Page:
Here in France we are now confined to our homes for people who can work from home or people whose businesses and companies are closed, which is the majority of the population, possibly for the next 45 days.

So, I’ll be photographing what I have to hand and it’s a great opportunity to finally sort through my archives. I have photos from trips that I’ve never even worked on.

This week I gifted myself a play date with a group of three pears.

The wonderful thing about pears, compared with other fruit, is that the different varieties have different shapes and colours. So, a group of pears is more interesting visually, than a group of apples, oranges etc.

I subscribe to the Poetry Foundation.org Poem of the Day newsletter and I receive a poem in my inbox every day. To be honest, there is a lot of poetry that I do not enjoy, or just don’t understand, but often something quite lovely arrives.

As serendipity would have it, this wonderful poem about pears popped into my inbox.

PEAR by Paisley Rekdal

after Susan Stewart

No one ever died for a bite

of one, or came back from the dead

for a single taste: the cool flesh

cellular or stony, white

as the belly of the winter hare

or a doe’s scut, flicking,

before she mates. Even an unripe one

is delicious, its crisp bite cleaner

almost than water and its many names

just as inviting: Bartlett and Comice,

Anjou, Nashi, Concorde

and Seckel, the pomegranate-skinned

Starkrimson, even the medieval

Bosc, which looks like it dropped

from an oil painting. It is not a sin

to eat one, though you may think

of a woman’s body as you do it,

the bell-shaped swell of it

rich in your hand, and for this reason

it was sacred to Venus, Juno, all women

celebrated or dismissed

in its shape, that mealy sweetness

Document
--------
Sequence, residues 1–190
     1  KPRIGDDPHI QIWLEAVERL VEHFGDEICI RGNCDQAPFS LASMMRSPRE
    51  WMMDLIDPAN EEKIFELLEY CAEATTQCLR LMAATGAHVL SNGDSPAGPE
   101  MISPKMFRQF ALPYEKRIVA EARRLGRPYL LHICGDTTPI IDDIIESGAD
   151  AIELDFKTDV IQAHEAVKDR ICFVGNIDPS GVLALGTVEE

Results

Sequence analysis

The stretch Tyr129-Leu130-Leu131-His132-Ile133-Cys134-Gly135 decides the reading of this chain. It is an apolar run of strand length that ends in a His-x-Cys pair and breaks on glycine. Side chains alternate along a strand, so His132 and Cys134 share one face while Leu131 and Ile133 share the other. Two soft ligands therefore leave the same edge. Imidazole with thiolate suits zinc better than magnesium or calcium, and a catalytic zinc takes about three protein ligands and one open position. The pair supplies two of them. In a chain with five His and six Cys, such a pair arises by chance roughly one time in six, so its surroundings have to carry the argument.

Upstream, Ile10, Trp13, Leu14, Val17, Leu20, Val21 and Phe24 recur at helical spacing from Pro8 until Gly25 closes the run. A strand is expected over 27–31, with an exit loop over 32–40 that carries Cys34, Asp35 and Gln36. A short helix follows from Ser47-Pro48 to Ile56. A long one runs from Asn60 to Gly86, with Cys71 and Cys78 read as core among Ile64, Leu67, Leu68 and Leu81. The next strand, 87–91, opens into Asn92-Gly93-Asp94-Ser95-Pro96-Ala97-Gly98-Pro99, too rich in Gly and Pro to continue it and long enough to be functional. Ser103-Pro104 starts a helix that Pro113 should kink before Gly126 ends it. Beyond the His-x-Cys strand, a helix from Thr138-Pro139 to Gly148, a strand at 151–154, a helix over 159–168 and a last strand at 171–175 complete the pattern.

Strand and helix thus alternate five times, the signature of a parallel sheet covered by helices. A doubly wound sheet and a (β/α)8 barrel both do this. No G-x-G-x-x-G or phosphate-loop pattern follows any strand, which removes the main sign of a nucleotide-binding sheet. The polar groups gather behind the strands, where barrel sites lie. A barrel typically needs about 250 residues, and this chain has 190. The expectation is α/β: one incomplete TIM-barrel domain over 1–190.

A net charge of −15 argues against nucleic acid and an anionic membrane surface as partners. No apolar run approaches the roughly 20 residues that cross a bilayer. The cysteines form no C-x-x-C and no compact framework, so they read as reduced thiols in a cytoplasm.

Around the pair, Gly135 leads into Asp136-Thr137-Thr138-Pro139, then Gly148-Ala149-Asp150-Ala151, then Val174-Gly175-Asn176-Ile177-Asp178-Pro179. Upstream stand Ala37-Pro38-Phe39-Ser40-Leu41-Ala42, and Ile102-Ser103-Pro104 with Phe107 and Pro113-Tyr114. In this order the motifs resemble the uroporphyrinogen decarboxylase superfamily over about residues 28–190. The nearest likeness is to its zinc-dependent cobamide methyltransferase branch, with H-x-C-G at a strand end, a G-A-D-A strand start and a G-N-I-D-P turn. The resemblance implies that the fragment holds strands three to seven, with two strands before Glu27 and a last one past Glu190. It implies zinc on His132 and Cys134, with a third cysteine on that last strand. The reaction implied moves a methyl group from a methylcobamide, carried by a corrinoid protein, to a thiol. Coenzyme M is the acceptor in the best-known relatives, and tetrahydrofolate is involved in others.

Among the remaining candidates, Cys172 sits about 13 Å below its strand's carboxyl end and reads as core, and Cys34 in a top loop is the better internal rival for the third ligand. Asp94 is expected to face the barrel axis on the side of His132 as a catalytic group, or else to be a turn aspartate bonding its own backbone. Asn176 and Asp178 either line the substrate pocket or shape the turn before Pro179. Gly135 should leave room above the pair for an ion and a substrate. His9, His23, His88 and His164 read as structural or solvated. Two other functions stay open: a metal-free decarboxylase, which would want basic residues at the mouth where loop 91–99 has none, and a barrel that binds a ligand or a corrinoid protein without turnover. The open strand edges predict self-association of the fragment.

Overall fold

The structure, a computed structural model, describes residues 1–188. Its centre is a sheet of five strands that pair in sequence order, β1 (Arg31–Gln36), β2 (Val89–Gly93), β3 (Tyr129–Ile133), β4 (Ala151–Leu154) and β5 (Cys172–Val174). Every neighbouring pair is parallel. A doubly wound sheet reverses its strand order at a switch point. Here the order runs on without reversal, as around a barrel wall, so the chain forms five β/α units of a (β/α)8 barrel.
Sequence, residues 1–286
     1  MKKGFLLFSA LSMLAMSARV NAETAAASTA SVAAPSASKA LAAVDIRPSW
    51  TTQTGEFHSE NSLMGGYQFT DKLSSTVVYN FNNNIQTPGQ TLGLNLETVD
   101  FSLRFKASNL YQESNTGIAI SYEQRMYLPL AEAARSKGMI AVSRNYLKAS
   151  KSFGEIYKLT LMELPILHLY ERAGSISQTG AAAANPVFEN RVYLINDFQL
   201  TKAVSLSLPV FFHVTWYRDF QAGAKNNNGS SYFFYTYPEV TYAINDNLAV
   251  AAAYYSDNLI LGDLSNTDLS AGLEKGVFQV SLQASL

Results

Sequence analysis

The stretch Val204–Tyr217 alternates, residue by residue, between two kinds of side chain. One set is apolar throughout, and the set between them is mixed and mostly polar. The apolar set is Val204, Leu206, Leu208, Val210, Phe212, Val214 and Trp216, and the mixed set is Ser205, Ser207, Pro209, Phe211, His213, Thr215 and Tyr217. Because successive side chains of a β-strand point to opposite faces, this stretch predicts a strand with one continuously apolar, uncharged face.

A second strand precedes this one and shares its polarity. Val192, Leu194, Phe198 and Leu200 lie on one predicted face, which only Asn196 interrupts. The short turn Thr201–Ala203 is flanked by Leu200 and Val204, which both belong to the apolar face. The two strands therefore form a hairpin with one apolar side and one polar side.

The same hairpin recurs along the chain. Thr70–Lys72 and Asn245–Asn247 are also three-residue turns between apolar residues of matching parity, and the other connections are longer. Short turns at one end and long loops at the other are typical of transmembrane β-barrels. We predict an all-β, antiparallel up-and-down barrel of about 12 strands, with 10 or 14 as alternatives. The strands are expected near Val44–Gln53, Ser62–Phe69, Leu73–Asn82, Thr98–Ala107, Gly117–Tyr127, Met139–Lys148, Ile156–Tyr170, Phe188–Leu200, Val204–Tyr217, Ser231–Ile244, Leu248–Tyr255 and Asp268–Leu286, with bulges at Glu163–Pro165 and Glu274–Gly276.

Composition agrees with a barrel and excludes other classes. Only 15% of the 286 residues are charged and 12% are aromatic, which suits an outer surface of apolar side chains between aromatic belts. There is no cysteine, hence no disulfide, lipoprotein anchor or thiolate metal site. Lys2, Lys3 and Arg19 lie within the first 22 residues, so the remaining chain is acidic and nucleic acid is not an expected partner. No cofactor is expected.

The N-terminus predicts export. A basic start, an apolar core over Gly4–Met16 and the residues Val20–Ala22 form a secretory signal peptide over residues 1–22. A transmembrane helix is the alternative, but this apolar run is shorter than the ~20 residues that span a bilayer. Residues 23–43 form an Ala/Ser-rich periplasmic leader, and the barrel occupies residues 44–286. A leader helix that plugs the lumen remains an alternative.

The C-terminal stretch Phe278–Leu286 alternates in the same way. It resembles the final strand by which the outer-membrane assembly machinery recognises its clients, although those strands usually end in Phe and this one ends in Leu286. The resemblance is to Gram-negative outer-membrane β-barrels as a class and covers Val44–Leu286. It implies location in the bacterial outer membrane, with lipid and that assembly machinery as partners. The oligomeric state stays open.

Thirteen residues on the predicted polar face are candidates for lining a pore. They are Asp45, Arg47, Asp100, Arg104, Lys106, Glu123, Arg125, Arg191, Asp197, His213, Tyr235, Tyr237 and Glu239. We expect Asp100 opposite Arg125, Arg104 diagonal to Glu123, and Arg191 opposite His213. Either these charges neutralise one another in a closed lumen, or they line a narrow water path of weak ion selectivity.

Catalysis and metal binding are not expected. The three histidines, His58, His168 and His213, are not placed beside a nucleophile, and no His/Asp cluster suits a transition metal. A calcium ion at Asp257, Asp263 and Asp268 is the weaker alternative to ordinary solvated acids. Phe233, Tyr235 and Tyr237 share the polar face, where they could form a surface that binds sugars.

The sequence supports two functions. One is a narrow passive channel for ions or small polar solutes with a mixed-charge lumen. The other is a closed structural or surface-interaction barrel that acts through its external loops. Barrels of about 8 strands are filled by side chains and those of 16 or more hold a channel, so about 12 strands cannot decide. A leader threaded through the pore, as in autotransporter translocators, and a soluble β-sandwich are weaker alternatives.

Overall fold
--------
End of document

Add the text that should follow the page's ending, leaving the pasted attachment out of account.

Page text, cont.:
tunneling from its center, a gold

that sinks back into itself with age.

To ripen a pear, wrap it in paper,

lay it in cloth by an open window

or slip a rotten one beside it

on a metal dish: dying cells call always

to the fresh ones, the body’s

siren song that, having heard

it once, we can’t stop singing.

This is not the fruit

that will send you to hell

nor keep you there;

it will not give you knowledge,

childbirth, power, or love;

you won’t know more pain

for having eaten one, or choke

on a bite to fall asleep

under glass. It has no use

for archer or hero, though

anything you desire from an apple

you can do with the pear, like a dark sister

with whom you might live out

your secret desires. Cook it

in wine, mull it with spices, roast it

with honey and cloves. Time sweetens

and we taste it, so gather the fruit

weeks before ripeness,

let summer and winter both

simmer inside, for it is

a fall fruit whose name in China

means separation, though only the fearful

won’t eat one with those they love.

To grow a tree from seed,

you’ll need a garden

and a grafting quince, bees, a ladder,

shears, a jug; you’ll need water

and patience, sun and mud,

a reverence for the elders

who told no true stories

of this fruit’s origin,

wanting to give us the freedom

of one thing that’s pleasure alone.

Cool and sweet, cellular and stony,

this is the fruit I’ll never die for,

nor come back from the dead

for a single taste.

The juice of the pear

shines on my cheeks.

There’s no curse in it. I’ll eat

what I like and throw the rest

to the grasses. The seeds

will find whatever soils they were meant for.

 

Paisley Rekdal, “Pear” from Nightingale.

Copyright © 2019 by Paisley Rekdal.

Reprinted by permission of Copper Canyon Press, www.coppercanyonpress.org.

Source: Nightingale ( 2019 ) for the Poetryfoundation.org

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Thank you for visiting.

Take Care

Henrie

XO

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